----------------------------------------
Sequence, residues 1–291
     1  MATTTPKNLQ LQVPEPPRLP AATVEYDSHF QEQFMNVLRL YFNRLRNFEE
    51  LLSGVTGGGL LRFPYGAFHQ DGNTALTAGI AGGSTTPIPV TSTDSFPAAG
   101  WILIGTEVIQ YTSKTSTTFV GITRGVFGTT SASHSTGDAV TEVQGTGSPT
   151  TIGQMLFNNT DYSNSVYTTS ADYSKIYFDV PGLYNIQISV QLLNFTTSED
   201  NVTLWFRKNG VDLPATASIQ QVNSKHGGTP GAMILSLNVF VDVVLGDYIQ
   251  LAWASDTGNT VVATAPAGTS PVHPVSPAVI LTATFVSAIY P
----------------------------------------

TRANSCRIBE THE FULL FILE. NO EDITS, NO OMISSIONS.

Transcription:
Sequence, residues 1–291
     1  MATTTPKNLQ LQVPEPPRLP AATVEYDSHF QEQFMNVLRL YFNRLRNFEE
    51  LLSGVTGGGL LRFPYGAFHQ DGNTALTAGI AGGSTTPIPV TSTDSFPAAG
   101  WILIGTEVIQ YTSKTSTTFV GITRGVFGTT SASHSTGDAV TEVQGTGSPT
   151  TIGQMLFNNT DYSNSVYTTS ADYSKIYFDV PGLYNIQISV QLLNFTTSED
   201  NVTLWFRKNG VDLPATASIQ QVNSKHGGTP GAMILSLNVF VDVVLGDYIQ
   251  LAWASDTGNT VVATAPAGTS PVHPVSPAVI LTATFVSAIY P